It’s almost as interesting to see what was included in the exhibition as to wonder about what was left out. There is nothing of Bowie’s personal life — neither of his wives (Angie or Iman) are even referenced here. No mention of Mick Jagger although Iggy Pop, Warhol, Klaus Nomi, Lindsay Kemp (muse and reportedly lover) are featured and of course, his biggest early musical influence, Little Richard whose photo he carried around from recording studio to recording studio as inspiration. Bowie’s forays into Dadaism, Brecht, and performance styles such as Mime and Kabuki are all chronicled here. In short, this is an intellectual’s paradise; a scholarly academic thesis of the icon, in my opinion, teetering on the edge of pretentiousness; not a tabloid-y People Magazine David Bowie Is (for Dummies). Being the shallow creature I am, I yearned for the latter.
The fact is indisputable: although Bowie’s chart topping pop songs were often deceptively simple, behind those two different colored eyes (due to a youthful punch to the eye over a girl) lurked the mind of an intellectual. His traveling stage wardrobe case which accompanied him on tour contained at least 100 of his favorite books.
The traveling exhibition actually followed the trajectory of Bowie’s life beginning in England and ending in New York where he resided the longest. The final stop of the exhibition in Brooklyn has additional New York-centric items including those having to do with the recording of his last two albums here: The Next Day and Blackstar, the album which was released on his 69th birthday, two days before his death. I watched a YouTube 2013 video clip from Australian TV in which the panel discussed Bowie’s 2004 heart attack as a factor in Bowie’s focus on his own mortality throughout The Next Day, an album released to the total surprise of his fans to coincide with the opening of the V&A exhibition. The question was how do you secretly record an album in NYC? “We were anticipating his death but instead got the album. Thank goodness we got the album rather than the obituary,” said the host. Interestingly, as Bowie was a control freak who was integrally involved in every aspect of his professional life, he is said to have given the V&A carte blanche to use any of the preserved items from his archives, as they saw fit. It is unclear if Bowie ever experienced the exhibition firsthand as he would have worn a disguise — to my knowledge no one ever mentioned a sighting.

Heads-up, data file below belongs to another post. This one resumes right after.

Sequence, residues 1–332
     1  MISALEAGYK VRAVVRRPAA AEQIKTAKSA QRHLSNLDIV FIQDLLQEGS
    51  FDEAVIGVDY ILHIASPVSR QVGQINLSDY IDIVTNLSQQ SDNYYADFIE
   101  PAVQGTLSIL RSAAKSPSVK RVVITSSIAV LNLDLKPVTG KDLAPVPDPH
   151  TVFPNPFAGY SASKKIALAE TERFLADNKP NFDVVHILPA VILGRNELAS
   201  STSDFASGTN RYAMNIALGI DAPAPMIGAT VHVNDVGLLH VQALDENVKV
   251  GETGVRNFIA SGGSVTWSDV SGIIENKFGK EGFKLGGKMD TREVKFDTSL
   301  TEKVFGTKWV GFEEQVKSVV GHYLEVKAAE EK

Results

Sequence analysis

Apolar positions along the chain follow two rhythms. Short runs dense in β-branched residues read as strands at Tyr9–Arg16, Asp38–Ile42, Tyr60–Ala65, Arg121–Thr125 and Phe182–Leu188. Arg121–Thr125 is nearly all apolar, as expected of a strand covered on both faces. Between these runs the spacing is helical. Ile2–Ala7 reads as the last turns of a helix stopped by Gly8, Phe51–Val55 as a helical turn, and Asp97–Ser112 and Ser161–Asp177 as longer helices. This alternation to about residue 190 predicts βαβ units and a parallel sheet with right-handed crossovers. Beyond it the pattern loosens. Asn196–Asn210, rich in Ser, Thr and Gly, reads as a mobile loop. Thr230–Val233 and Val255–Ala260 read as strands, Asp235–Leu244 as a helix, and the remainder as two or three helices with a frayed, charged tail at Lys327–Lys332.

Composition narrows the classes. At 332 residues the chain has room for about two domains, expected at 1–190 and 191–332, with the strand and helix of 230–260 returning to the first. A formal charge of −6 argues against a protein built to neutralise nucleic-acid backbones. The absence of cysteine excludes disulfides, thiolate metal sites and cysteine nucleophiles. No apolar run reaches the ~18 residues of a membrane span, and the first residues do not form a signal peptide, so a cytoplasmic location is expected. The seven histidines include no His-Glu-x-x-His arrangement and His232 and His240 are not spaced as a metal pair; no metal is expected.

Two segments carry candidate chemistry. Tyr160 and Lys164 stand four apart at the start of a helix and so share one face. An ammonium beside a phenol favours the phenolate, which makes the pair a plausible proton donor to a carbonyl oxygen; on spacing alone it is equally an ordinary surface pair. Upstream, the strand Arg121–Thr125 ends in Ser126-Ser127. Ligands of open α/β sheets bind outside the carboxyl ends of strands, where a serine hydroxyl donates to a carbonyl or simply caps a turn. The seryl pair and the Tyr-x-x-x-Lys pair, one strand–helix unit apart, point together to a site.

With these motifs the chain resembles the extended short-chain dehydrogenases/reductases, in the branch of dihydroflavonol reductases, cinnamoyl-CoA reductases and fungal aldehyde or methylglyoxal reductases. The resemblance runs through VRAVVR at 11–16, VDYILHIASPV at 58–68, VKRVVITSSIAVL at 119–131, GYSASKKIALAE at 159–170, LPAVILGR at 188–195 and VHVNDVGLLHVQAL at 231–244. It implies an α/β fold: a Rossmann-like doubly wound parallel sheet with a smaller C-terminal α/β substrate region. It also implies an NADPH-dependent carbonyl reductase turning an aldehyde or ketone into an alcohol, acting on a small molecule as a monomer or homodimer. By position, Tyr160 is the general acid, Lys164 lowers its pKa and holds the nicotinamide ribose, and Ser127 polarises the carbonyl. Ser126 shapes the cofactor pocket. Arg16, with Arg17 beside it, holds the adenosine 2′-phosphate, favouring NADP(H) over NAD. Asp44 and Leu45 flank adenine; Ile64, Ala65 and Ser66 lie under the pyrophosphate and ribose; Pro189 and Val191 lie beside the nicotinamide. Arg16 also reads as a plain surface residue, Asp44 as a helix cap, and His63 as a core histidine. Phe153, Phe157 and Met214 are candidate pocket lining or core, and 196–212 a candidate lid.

The very last room after the gift shop where I purchased the accompanying exhibition book ($45) features fan art – Bowie reportedly always kept such gifts, remarking that it was not up to him to decide on the artistic merits of the work. Some of them are actually quite good so make sure you pass through the gift shop to see them.
When I finally left the exhibition to attend a cocktail reception at the museum restaurant The Norm, I vowed to return another day with fresh eyes. I plan to visit with my Bowie fan daughter. It saddens me to think that, like album liner notes, handwritten song lyrics are something that will most likely go the way of the dinosaur. These, and other mementos, deserve be seen by the next generation before becoming extinct.
– Laurel Marcus